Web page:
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UK Knife law – a guide for campers and hikers

One of the great things about having an interest in hiking and camping is the ability to share views, read information by, and learn from people all over the world. To a certain extent the outdoors adventures ‘blogosphere’ is dominated by North Americans which is perhaps not surprising; there are more of them and, let’s face it, they have a bit more wilderness than we do. However I raise the point because there are a small number of cases where the dominance of North American information can be a difficulty and one of those is where local laws are wildly different. One of the key examples of this, and the subject of this post, is knife law for campers and hikers. It’s essential for anyone hiking in the UK to understand our local laws and, when reading blog posts and reviews about ‘essential tools’ and ‘everyday carry’ written by non-Brits, to do so with the knowledge that much of it simply can’t be applied here because our laws are so much more restrictive.

I should say, our general tendency to nanny the populace and ban anything that makes people a bit uncomfortable, punishing the sensible and law-abiding majority for the actions of a tiny number, makes me livid and our knife law in particular is bafflingly restrictive. I imagine that many of my US readers will read this with mouths agape. However, it is what it is, and I’ll try my best to just explain the law as it stands, and not overlay it with too much of my own personal feelings.

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So, without any further ado. Here’s what you need to understand about UK knife law for camping or hiking:

Offensive weapons

The first thing to know is that ‘offensive weapons’ are banned in a public place. UK law (Prevention of Crime Act 1953) defines three types of offensive weapons:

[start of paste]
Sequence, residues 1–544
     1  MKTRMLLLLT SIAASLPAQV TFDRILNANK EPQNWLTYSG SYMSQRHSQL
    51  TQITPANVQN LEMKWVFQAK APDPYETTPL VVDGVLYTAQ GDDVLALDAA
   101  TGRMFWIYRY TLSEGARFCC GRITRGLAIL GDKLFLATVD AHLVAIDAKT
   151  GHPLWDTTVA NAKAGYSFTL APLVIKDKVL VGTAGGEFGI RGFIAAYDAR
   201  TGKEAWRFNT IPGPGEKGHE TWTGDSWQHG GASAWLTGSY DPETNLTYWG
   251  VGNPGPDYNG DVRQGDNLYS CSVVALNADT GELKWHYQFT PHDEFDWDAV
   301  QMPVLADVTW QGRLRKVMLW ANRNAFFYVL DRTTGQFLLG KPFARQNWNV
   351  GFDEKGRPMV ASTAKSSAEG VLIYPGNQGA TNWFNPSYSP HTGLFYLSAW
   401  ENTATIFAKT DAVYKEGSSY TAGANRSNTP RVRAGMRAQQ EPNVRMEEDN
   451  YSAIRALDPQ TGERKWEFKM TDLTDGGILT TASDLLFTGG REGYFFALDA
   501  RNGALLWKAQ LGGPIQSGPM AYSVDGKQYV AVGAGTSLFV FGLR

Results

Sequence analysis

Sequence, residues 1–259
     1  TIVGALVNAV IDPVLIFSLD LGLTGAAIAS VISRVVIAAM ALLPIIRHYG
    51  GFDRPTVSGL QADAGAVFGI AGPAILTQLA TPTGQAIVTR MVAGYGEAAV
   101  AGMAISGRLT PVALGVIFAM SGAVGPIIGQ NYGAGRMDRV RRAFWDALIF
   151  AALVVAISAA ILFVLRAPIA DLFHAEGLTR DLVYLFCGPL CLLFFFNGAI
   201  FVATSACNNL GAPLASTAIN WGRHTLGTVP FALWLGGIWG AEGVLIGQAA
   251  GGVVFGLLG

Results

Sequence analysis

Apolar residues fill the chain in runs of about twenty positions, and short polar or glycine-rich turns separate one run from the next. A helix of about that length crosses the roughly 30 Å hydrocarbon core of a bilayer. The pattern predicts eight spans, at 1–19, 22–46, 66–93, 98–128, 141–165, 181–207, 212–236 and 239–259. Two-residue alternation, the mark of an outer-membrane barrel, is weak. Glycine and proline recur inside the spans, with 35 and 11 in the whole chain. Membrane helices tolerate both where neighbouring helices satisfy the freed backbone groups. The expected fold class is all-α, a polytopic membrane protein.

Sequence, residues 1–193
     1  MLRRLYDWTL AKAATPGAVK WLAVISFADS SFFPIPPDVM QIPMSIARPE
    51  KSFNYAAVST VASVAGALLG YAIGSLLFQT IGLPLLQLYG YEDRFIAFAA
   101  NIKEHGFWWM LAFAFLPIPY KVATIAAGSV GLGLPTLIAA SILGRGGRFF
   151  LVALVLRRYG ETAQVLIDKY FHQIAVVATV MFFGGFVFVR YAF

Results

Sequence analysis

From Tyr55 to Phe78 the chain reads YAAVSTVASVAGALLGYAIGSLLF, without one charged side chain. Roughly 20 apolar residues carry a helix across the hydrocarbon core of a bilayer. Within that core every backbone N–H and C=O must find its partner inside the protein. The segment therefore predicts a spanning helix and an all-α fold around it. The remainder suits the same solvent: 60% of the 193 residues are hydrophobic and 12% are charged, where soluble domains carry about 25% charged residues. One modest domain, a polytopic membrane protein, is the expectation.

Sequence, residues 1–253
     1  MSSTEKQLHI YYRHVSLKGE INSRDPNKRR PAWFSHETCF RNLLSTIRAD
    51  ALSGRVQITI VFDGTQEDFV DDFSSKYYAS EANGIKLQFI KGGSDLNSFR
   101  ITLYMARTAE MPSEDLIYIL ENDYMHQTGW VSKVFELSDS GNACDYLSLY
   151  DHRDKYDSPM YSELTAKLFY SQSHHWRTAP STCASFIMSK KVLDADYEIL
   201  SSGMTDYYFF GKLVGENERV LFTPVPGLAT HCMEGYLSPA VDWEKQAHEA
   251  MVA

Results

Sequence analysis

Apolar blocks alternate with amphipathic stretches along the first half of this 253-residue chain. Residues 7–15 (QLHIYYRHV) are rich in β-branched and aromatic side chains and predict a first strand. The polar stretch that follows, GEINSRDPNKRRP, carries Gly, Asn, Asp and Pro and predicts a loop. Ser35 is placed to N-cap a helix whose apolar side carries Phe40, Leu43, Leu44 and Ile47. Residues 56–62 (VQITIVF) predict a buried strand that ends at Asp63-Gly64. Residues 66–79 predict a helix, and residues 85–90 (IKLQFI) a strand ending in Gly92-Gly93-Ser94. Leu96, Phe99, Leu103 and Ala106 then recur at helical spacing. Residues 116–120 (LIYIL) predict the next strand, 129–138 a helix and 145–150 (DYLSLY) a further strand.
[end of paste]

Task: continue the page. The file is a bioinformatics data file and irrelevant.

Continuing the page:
• Made offensive weapons – being anything specifically designed to cause injury. This includes truncheons and batons; flick knives and butterfly knives; knuckledusters; and combat knives including, yes, kukris, commando daggers and bayonets. As well as many other things. As a hiker, it’s important to be cautious about what you are buying – the difference between a hunting knife (which is not an offensive weapon) and a combat knife (which is) may be fairly subtle, but it is your responsibility to be clear. Most offensive weapons are also illegal to import, sell or hire in the UK so you are very unlikely to be able to purchase them legally anyway, but you might be able to do so abroad, including in mainland Europe.
  • Adapted offensive weapons – any item which has been adapted for use to cause injury. Examples might include a snooker ball put into a sock, a baseball bat with nails hammered into it, or even a shard of glass with tape around it to make a handle. I hope none of this is particularly an issue for hikers though so I will move on.